Starliner forced to abort mission after flying into wrong orbit

A Boeing spacecraft had to return back to Earth after going off course during an outer space mission.
3:32 | 12/20/19

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Transcript for Starliner forced to abort mission after flying into wrong orbit
And guys a little bit a trouble at Kennedy Space Center today a star liner capsule built by Boeing went off course after a successful launch apparently due to an engine problems are David Curley is in Cape Canaveral with the latest there. David if you can just explain to wasn't what exactly went wrong. Well Kimberly this was the final test for the star liner of -- important test. To carry humans back to space from American soil. So launch was fine the did the booster got it up to where needed to be. Then the second stage which is called a send tar rocket is supposed to get it. In orbit and the best example I can use. Is when you're making an off ramp on off of a freeway you wanna be at the right speed in the right angle to make that turn. Well the problem with the send tar rocket was it didn't fire because. They were listening to her that computer was actually looking at the wrong clock so everything Ott was automated in everything supposed to happen at a certain time. Looking at the wrong clock. The sense hard did not fire it did not get this vehicle into the right orbit and that's the problem. So they had a decision to make can we actually use the fuel that's onboard to get up to the higher orbit. And make it to the space station which was part of the mission to dock with the International Space Station. They decided no we don't know we have enough fuel. Let's protect this vehicle to star liner and make sure we can get it back to her so that's what they have done it is in orbit. They are gonna do some more tasks but come Sunday it is going to return to earth at this point and land at white sands in New Mexico this is an unusual capsule. Compared to what SpaceX is doing it actually lands on earth with some air bags. So that's an important part of the test I will tell you NASA and Boeing tried to spin this in the best positive way they could that. You know we had a good launch and we hope to do a good landing. But they failed in getting to the space station that does it mean that they can't actually carry astronauts to the space station on their next flight but it is in question. And of course it is Boeing vs SpaceX has day which one which company will be the first to carry astronauts back to the space station. And David I'm just curious how long was NASA and Boeing preparing for this mission in general like how long does it take before you actually do the lines. Well it's this has been going on for years through this program is called the crew missions. That basically SpaceX and Boeing were picked out of a number of companies are one it'd actually be the contractor that worked for NASA to take astronauts. To the space station. They can actually put it together another launch it in a relatively short period of time but it could be months. And SpaceX which is already flown to the space station which with its dragon crew. Capsule has one more test do as well it's called a pad abort test if they pass that and they may get the okay to go ahead go to the space station. This is a very expensive program for the taxpayers. Nearly seven billion dollars Boeing four point two billion of that for what was supposed to be. To test missions this was the first one they've got another test mission that and then six other missions that they're supposed to be going to the space station. But I gotta tell you they've they've tried to make this sound as if a lot of things went right and some things did go right. But this is a major fail for this program and for Boeing which is already been battered with the 737 max's through as well. Absolutely. David Curley right there in Cape Canaveral with Andy tells there thank you so much.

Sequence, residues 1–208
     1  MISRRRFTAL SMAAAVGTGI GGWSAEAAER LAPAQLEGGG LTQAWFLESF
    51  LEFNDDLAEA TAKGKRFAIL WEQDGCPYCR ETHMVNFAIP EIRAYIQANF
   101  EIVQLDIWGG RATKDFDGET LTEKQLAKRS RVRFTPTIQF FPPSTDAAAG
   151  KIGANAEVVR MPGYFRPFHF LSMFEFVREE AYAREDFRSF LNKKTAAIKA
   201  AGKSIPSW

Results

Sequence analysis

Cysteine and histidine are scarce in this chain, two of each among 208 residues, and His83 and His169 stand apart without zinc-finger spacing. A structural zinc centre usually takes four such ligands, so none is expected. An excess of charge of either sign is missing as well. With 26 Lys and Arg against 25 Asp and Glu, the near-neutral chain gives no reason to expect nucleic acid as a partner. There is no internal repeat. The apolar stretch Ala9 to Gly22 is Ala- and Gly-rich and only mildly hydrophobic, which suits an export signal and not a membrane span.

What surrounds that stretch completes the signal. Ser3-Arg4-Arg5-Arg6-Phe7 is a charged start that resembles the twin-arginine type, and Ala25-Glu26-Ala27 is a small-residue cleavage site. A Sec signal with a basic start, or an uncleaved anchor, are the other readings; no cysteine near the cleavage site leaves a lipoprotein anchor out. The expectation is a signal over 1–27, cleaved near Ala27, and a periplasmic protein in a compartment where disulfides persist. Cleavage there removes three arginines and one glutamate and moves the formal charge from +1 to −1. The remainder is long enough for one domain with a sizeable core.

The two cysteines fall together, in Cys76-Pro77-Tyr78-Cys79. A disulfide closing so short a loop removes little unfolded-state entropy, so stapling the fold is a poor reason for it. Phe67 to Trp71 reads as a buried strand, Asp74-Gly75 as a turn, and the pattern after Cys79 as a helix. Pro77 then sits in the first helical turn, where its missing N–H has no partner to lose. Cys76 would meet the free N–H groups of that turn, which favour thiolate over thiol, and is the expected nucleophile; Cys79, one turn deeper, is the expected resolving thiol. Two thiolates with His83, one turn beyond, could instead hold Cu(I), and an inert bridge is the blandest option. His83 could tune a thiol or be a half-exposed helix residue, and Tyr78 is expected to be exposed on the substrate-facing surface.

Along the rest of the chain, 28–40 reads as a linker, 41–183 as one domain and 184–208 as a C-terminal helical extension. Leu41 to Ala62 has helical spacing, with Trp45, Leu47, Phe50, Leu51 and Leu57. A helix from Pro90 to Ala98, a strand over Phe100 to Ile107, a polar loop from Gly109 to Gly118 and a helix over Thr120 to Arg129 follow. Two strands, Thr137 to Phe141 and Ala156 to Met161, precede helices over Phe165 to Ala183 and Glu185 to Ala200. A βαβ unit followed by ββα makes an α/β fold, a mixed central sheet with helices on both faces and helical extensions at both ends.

This transcript has been automatically generated and may not be 100% accurate.

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